What you need to know:
- As the battle against Covid-19 rages on, concerns have been raised about the quality of personal protective equipment (PPEs) in the market.
- As such, the Kenya Bureau of Standards (KEBS) added five more standards on the equipment to strengthen the war on the virus.
- The standardisation body approved Publicly Available Specification (KPAS) 2919:2020 that gives minimum specifications for face shields as protective gear used by healthcare service providers.
The face mask is the most visible ‘weapon’ in the fight against the novel coronavirus but not any mask can protect you from contracting the virus that has already killed 225 people in Kenya.
Some could be defective or substandard, putting people in danger of contracting the disease.
As the battle against Covid-19 rages on, concerns have been raised about the quality of personal protective equipment (PPEs) in the market.
Already, several healthcare workers including a doctor have died from Covid-19 and at least 450 are infected, according to the Kenya Health Professionals Society.
Initially, healthcare workers complained of defective and substandard PPEs saying this was the main contributing factor to increased cases of infections among them.
As such, the Kenya Bureau of Standards (KEBS) has added five more standards on the equipment to strengthen the war on the virus.
The standardisation body approved Publicly Available Specification (KPAS) 2919:2020 that gives minimum specifications for face shields as protective gear used by healthcare service providers.
Face shields complement masks, goggles, hoods, and other PPEs to offer protection to medical personnel.
“The approved standard will guide manufacturers on the key requirements of a face shield in line with concepts of face protection devices, construction, performance and safety requirements,” said Kebs Managing Director Bernard Njiraini.
Kebs’ Director of Metrology and Testing, Henry Rotich, said, “Accuracy of measurements is very important in production of non-pharmacological medical devices. These standards are important in meeting customer requirements on safety of products.”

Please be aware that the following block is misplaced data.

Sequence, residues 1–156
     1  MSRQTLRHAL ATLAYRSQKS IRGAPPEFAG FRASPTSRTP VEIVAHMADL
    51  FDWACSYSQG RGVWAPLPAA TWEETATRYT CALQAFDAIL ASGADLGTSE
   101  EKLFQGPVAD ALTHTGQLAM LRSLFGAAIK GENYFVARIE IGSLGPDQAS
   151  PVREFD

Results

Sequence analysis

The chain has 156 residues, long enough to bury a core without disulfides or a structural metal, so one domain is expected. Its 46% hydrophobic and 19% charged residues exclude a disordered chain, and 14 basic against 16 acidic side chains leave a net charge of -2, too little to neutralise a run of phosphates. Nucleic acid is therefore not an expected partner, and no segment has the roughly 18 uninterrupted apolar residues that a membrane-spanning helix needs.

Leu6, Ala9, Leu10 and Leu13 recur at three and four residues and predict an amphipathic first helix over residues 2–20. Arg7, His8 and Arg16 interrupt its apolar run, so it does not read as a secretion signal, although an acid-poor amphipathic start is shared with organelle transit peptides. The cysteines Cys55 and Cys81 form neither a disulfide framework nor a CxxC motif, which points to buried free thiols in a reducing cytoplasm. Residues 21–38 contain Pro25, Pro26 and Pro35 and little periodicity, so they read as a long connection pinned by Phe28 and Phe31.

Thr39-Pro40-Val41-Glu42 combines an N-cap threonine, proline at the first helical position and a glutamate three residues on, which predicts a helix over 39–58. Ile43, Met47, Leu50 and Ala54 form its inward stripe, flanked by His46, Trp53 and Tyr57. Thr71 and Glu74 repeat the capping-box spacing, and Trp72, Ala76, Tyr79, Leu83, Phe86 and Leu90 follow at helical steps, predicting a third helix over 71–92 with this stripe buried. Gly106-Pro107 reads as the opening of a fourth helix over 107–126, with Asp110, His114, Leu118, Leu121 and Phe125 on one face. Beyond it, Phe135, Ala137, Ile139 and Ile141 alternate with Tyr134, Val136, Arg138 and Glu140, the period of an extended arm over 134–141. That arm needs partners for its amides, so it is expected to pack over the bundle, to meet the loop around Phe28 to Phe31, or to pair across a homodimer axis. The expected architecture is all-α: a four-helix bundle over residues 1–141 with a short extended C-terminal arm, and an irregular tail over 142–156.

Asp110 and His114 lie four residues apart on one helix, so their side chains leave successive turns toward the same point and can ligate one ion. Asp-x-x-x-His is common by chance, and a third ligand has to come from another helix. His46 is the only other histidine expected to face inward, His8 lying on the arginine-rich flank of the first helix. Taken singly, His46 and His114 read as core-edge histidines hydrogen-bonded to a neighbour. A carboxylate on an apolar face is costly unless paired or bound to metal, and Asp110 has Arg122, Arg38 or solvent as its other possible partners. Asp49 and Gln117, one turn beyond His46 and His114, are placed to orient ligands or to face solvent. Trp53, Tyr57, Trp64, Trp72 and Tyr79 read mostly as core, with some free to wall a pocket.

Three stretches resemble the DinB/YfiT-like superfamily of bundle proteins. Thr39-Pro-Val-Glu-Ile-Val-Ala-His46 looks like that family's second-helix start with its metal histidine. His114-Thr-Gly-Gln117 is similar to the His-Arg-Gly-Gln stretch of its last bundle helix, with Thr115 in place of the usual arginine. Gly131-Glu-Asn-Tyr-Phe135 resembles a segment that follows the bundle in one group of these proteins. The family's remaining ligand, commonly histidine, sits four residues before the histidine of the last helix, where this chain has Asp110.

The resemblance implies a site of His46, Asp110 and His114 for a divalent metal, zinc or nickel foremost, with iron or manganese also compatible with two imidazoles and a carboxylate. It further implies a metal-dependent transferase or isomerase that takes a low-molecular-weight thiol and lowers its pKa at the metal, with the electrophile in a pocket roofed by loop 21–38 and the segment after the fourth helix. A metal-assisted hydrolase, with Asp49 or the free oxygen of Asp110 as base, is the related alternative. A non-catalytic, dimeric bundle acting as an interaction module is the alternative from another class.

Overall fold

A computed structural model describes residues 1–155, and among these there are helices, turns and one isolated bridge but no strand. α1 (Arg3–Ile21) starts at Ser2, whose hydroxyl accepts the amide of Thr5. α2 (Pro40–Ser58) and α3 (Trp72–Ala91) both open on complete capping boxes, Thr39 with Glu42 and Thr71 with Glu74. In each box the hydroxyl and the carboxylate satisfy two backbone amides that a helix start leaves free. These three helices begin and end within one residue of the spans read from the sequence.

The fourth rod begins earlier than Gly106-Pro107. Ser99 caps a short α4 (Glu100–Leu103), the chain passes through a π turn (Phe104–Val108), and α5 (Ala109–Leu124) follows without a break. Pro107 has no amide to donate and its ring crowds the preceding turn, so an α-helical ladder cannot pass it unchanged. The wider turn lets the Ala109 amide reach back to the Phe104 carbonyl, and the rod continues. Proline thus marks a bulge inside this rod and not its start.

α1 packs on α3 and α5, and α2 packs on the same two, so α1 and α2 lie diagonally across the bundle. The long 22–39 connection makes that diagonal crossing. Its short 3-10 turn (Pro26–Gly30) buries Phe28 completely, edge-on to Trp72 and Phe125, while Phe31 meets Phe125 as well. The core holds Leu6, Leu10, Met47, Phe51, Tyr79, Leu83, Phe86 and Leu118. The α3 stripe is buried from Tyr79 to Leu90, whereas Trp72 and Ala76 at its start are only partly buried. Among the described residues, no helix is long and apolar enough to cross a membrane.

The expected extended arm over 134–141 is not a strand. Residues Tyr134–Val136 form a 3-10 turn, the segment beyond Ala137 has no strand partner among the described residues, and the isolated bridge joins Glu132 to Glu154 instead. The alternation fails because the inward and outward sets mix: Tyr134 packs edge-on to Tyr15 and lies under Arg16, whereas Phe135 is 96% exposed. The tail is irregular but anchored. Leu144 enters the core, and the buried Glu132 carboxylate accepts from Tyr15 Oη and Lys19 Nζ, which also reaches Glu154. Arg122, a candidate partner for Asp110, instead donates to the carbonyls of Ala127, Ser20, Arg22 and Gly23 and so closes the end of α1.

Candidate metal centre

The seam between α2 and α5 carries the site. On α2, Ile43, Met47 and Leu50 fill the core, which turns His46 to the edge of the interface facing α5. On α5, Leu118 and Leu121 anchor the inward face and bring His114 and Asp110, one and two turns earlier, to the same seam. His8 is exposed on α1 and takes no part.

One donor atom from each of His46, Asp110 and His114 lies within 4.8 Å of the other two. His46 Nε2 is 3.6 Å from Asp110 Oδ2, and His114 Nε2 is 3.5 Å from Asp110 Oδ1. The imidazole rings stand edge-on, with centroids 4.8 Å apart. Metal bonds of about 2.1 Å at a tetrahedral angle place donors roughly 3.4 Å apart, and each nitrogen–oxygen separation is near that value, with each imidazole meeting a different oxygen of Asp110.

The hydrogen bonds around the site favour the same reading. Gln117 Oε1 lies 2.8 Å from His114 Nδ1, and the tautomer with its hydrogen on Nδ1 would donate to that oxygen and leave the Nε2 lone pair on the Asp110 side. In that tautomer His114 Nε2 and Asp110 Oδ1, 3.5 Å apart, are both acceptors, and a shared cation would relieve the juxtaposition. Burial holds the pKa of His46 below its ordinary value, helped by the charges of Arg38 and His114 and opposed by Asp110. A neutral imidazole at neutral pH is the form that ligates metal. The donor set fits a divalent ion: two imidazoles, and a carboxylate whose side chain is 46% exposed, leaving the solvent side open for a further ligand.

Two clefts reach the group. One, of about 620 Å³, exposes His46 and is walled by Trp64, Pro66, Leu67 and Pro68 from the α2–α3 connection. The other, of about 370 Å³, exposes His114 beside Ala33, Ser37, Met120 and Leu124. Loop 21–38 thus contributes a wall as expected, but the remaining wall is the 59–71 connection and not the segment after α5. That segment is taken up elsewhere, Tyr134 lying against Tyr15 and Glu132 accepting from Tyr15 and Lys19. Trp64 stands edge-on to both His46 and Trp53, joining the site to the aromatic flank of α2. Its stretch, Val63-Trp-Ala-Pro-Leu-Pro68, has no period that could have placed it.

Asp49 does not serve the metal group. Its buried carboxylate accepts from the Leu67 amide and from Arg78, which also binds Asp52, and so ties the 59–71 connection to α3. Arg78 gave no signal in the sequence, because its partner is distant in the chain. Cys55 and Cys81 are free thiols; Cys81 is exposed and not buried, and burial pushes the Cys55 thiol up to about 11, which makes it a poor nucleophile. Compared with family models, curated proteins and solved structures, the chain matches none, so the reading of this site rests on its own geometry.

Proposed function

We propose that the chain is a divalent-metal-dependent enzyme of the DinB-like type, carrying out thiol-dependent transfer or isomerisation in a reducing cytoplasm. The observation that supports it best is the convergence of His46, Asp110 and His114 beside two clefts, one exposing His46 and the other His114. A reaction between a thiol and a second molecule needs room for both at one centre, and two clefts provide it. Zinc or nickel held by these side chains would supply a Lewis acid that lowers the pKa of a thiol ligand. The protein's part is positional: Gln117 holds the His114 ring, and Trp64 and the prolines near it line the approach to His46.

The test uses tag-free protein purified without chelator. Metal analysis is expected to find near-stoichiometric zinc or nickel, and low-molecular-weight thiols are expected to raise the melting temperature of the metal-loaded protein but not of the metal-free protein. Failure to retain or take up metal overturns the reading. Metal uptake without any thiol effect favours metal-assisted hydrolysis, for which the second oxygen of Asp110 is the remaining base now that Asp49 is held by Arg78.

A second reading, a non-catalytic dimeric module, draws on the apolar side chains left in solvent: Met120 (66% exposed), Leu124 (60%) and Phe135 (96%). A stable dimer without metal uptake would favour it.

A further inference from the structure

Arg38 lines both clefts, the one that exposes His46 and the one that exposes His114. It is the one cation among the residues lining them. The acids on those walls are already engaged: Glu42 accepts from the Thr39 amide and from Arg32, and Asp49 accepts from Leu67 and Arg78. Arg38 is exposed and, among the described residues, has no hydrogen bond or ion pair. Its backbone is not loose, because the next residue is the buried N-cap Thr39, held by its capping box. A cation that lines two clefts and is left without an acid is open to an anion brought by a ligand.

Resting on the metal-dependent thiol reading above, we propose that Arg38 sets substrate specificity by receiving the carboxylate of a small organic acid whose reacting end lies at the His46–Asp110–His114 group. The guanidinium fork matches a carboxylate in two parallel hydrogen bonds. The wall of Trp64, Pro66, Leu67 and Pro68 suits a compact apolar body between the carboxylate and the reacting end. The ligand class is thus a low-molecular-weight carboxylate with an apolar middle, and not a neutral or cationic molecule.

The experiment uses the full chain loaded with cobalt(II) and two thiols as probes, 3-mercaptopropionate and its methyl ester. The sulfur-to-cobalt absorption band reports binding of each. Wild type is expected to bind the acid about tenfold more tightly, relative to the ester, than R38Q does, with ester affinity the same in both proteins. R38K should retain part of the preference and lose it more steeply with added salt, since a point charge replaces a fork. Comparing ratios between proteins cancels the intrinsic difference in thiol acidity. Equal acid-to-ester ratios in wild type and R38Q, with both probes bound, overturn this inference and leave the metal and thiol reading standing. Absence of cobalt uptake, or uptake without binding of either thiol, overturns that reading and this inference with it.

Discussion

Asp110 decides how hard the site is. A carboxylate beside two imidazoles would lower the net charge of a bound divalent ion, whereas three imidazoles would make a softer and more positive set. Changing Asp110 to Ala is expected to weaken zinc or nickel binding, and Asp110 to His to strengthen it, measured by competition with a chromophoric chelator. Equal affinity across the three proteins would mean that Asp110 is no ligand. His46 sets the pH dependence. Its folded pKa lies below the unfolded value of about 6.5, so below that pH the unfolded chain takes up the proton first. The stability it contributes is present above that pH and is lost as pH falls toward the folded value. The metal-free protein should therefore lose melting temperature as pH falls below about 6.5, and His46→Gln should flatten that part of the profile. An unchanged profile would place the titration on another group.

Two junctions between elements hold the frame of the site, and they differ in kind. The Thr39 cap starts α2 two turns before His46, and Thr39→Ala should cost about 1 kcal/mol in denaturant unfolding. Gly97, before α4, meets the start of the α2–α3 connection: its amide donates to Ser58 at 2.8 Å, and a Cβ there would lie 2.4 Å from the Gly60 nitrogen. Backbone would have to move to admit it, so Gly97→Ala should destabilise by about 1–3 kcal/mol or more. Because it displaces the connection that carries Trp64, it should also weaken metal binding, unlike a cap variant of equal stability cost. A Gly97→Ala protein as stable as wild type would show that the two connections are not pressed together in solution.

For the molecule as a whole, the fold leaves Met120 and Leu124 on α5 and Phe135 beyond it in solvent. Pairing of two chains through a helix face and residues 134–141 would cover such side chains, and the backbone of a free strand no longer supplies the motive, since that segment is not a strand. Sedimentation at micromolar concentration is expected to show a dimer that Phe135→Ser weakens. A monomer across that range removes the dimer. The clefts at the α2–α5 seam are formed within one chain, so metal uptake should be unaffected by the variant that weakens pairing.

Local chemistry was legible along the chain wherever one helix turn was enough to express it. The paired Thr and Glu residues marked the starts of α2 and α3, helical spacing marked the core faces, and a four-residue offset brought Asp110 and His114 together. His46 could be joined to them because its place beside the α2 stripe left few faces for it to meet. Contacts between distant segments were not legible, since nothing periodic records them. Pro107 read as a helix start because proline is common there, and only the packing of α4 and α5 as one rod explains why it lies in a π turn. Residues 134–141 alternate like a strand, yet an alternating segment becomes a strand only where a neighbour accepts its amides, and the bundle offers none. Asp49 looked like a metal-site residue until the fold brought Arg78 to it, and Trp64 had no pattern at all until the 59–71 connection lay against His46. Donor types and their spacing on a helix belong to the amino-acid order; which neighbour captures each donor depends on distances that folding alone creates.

The products should be friendly to the environment and their performance should be optimal, Dr Rotich added.
While PPEs protect healthcare providers and the general public from contracting Covid-19, many different medical equipment are being used in the battle, some of which have been cited as faulty.
These include thermo-guns, some of which cannot measure temperature or show varying figures when a person is screened using two different devices at the same time.
“Some unscrupulous traders may be there. That is why we have a multi-agency team to take action,” said Dr Rotich.
Thus, the standardisation body added standards (KPAS 2920:2020) in the manufacture of nebulisers and sanitisation booths as well.
The booths are used in supermarkets, open markets and other public places to help reduce the spread of the virus while nebuliser machines help in the dispensation of medicines in mist or spray form.
In addition to the five new standards which include standards for breathing systems for anesthetic and respiratory use, Kenya has 16 standards for use in response to the pandemic.
The other standards approved and released earlier include specifications for instant hand sanitisers, critical care ventilators, surgical face masks, reusable cloth masks, single-use medical examination gloves, single-use sterile rubber surgical gloves, protective clothing used by health workers, healthcare aprons and overalls.
Dr Rotich said clothe masks should be worn by people who are not “very exposed” to the virus.
Although these masks offer a certain percentage of protection, the World Health Organization (WHO) recommends use of surgical and N95 masks for the old and most at risk.
As the country gears towards utilising locally manufactured PPEs, Kenyans should also be on the lookout for defective and substandard products, the director said.
“Most importantly, Kenyans should buy products from legitimate and certified sources. They can send a short message with the safety mark (SM) to 20023 to know if a product is certified or not,” said Dr Rotich.
He said the public can also call toll free number 1545, to report issues including impersonation and corruption.
“We are doing sampling and market surveillance to make sure everyone is compliant,” Dr Rotich said, adding the body has been supporting innovations and making Kenyan products competitive in the region.
As such, the standardisation body has approved Kenyatta University’s ventilator prototype, amid an increase in the number of Covid-19 patients presenting with serious illness.
Dr Rotich said certification for ventilators from Kimathi University and Mutsimoto (Kenya Association of Manufacturers) and permit approval for locally manufactured PPEs and other medical equipment are ongoing.